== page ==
). Moreover, RUNX1 expression is maintained in MKs whereas it is downregulated during erythroid differentiation (Elagib et al., 2003
). Our combinatorial binding data are therefore consistent with a model where additional factors such as RUNX1 mediate transcriptional cooperation between GATA1 and FLI1 in MKs whereas antagonistic interactions may prevail in their absence as previously reported for the erythroid lineage.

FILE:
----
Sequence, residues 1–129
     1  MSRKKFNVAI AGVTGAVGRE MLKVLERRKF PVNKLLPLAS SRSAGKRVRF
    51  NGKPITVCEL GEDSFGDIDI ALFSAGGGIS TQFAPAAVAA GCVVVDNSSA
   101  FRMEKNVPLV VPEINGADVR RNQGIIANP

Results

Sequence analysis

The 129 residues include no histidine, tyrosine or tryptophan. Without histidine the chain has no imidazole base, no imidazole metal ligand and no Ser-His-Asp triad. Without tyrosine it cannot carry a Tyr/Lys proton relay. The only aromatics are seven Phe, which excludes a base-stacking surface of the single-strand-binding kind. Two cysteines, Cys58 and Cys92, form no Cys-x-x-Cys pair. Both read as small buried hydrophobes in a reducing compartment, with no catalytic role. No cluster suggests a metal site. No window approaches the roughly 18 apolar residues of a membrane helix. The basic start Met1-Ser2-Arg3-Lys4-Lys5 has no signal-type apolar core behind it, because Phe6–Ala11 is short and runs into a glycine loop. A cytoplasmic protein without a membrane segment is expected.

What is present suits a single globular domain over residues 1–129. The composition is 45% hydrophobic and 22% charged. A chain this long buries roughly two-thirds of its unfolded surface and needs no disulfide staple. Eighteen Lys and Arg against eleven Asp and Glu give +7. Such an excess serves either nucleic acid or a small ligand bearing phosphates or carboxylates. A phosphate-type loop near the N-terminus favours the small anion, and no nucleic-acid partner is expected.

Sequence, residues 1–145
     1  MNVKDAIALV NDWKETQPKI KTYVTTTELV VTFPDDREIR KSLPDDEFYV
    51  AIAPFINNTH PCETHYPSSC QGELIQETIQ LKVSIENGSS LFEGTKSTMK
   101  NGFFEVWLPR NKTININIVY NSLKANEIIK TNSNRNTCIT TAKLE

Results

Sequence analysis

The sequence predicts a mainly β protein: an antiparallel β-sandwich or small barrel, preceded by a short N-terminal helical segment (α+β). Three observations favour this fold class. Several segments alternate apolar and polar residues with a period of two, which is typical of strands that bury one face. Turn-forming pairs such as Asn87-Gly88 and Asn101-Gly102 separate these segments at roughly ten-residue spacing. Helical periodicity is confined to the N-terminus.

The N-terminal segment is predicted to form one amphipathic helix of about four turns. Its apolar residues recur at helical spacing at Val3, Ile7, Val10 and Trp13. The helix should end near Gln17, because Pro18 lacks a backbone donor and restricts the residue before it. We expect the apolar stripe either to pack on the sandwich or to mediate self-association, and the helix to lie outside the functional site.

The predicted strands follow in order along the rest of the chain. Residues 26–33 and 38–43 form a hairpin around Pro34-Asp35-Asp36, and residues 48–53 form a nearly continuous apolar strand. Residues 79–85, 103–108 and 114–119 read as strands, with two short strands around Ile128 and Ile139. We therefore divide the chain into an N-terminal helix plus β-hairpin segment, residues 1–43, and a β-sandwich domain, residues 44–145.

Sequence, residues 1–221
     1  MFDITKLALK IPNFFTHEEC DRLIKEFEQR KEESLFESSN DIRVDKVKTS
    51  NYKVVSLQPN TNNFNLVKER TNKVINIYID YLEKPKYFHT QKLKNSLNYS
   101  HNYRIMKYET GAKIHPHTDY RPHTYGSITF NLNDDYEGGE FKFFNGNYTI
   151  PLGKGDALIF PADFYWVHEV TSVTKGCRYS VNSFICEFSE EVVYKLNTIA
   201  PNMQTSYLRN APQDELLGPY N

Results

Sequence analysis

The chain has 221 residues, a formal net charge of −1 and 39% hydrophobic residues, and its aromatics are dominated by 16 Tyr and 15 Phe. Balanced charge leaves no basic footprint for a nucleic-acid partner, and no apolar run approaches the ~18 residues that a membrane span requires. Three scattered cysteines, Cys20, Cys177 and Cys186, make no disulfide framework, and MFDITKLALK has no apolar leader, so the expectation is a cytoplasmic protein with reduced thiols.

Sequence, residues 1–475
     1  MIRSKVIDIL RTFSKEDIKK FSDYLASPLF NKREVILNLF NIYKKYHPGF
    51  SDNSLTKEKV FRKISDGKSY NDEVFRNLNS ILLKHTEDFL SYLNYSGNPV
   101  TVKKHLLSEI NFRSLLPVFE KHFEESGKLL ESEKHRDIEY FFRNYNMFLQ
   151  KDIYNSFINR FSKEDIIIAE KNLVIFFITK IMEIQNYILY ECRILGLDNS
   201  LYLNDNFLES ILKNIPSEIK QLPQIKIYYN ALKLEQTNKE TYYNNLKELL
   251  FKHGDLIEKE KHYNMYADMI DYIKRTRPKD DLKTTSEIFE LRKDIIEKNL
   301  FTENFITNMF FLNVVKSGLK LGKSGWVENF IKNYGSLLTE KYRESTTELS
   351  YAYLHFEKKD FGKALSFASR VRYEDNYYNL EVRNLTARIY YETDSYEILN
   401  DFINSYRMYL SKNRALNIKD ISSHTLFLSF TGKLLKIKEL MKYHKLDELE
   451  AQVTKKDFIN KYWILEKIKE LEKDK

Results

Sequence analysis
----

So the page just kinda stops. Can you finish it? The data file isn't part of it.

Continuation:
Genes next to regions bound by all five factors were highly enriched for known regulators of MK differentiation and/or function. This observation prompted us to investigate the possibility that genes of unknown hematopoietic function with binding peaks for all five factors may also be enriched for the same functional categories. To provide biological insight, genome-scale hypothesis-generating screens such as ChIP-Seq experiments need to be coupled with meaningful assays for downstream functional validation. Here we took advantage of the zebrafish model because hematopoietic control mechanisms are highly conserved between zebrafish and human/mouse, yet only the zebrafish allows relatively high-throughput knockdown analysis in vivo in the context of a whole animal. Coupling the multifactor ChIP-Seq screen with zebrafish in vivo validation allowed us to identify eight regulators of thrombopoiesis and/or erythropoiesis. Of note, none of the MOs caused a lack of blood circulation and at the concentration used, with the exception of two (smox and max), MO knockdown did not affect wider aspects of morphology, underscoring the hematopoietic specificity of the uncovered phenotypes. Given that seven MOs affected both erythrocytes and thrombocytes, it is possible that at least some of those genes may operate at the level of immature progenitors or blood stem cells. Given the overlap of key transcriptional regulators in MKs and HSCs, potential functions in blood stem cells might perhaps not be too surprising but will require further fine dissection of knockdown phenotypes.